Anthony Pagan has been teaching its curriculum for four years at Thomas Jefferson High School in South Central Los Angeles, a school with a student body that’s 90% Latino. When he first arrived, the school offered only one computer course which taught typing and how to use Microsoft Office.
“The word of mouth spread after the first year I taught the course and during the second year I was teaching four sections of Exploring Computer Science,” says Pagan. “It proves that, in the end, all that hard work is worth it. These kids can do it, whether or not English is their first language.”
The course ditches Java for a visual drag-and-drop language developed by MIT called Scratch, which introduces students to programming concepts with what Pagan likens to “virtual LEGOs.”
Speaking of LEGOs, students get to build robots they program themselves. They also create computer games and learn how to organize huge data sets they create with donated smartphones.
Other teachers have had similar success, like Elaine Blomeyer at South Gate High School, located southeast of Los Angeles. Blomeyer left teaching to code for companies like Hughes Aircraft for 25 years before returning to the classroom four years ago.
“The one thing I love about teaching computer science as opposed to math, which is what I taught before, is that students typically want to learn this,” says Blomeyer. “They get immediate feedback. They get excited. They put together some HTML and, voila, they can instantly look at a web page.”
In a field as quickly moving as technology, Blomeyer stresses the importance of building communities of teachers, either through physical meetings or online. She personally puts her lesson plans on her website so that other teachers from across the country can access them.
Still, once students take Exploring Computer Science, they still need something to advance toward afterwards. That’s why educators are looking to provide an alternative to the current, Java-heavy AP computer science course with Computer Science: Principles, which, aside from programming, also focuses on algorithm design, big data and social implications of technology.
While pilot courses are currently being taught around the country, they can’t become official AP courses until the tests are created and approved. Still, with programs like Exploring Computer Science, this represents a move to create computer science classes that might actually excite students who don’t have a lot of previous experience with computers.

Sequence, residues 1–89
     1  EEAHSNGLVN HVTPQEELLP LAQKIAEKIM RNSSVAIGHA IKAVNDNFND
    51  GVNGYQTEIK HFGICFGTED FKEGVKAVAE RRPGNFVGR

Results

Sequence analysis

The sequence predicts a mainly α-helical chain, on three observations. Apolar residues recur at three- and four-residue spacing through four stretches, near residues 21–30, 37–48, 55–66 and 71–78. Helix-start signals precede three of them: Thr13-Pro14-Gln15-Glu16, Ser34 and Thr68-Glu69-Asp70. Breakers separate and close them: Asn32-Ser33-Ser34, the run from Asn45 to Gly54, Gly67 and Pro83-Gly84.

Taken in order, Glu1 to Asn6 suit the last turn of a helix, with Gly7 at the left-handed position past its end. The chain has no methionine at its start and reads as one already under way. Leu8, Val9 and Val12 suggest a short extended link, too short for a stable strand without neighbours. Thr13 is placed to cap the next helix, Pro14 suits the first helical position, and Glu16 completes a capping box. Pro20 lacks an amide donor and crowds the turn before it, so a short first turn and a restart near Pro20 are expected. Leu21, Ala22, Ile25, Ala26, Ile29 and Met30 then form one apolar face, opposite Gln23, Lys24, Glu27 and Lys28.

Right now Exploring Computer Science is being taught to 2,000 students in Southern California. The new AP course is being piloted at 10 high schools across the country.
If educators want to scale up their cause, they’re going to need to create a national framework. That’s where the Computer Science Education Act comes in. The bill, introduced by Sen. Bob Casey (D-Pennsylvania) and Rep. Jared Polis (D-Colorado), looks to take a page from the Israeli playbook and create clearly defined computer science education standards. It aims to give grants to states to update their computer science programs and to establish a national commission to evaluate those programs as well.
Why It Matters
The myth of the brilliant, self-taught tech entrepreneur has a strong hold on the American imagination. When people think of Mark Zuckerberg, they often think of the heady entrepreneur who dropped out of Harvard to start Facebook.
They don’t think about the fact that his parents hired him a private tutor to encourage his love of computers as a child and that he graduated from Phillips Exeter Academy, an exclusive prep school in New Hampshire that boasts such alumni as George Plimpton and Franklin Pierce, the 14th president of the United States.
Not every kid has those advantages.
“There is this assumption that if you have this innate talent and you’re drawn to it, you’ll learn it on your own and you don’t really need it at school,” says Jane Margolis, senior researcher at UCLA’s Graduate School of Education and Information Studies and author of Stuck in the Shallow End: Education, Race, and Computing. “Kids that have a lot of resources at home, often with parents with a lot of technical know-how and access to software, people look at them and say ‘Oh, they just take to it.'”
In 2010, the San Jose Mercury News reported that the percentage of computer workers in Silicon Valley that were black or Latino stood at 1.5% and 4.7%, respectively. Girls Who Code, an organization that encourages teen girls to pursue opportunities in technology, points out that only 14% of undergraduate computer science degrees are earned by women.
While a new computer lab or tablets are certainly welcome in low-income schools, they don’t guarantee that students will be able to fully utilize them.
“What often happens is that we spend a lot of effort trying to get technology into schools, but that isn’t coupled with ensuring that there is a really strong computer science curriculum behind it with really good teachers,” says Wilson of Computing in the Core.
Professionals in Silicon Valley like to talk about technology being disruptive, replacing old, outdated models with creativity and hard work instead of access to traditional centers of power. Yet from a demographic standpoint, the tech industry doesn’t look that different from the older industries it’s trying to disrupt.
“Unless you are going to have this knowledge be only accessible to a very narrow strata — which is mostly white and Asian males from comfortable backgrounds — it’s going to have to be part of our education system,” says Margolis. “We feel that having it in the schools and having a strong program is important if you’re going to democratize computer science knowledge.”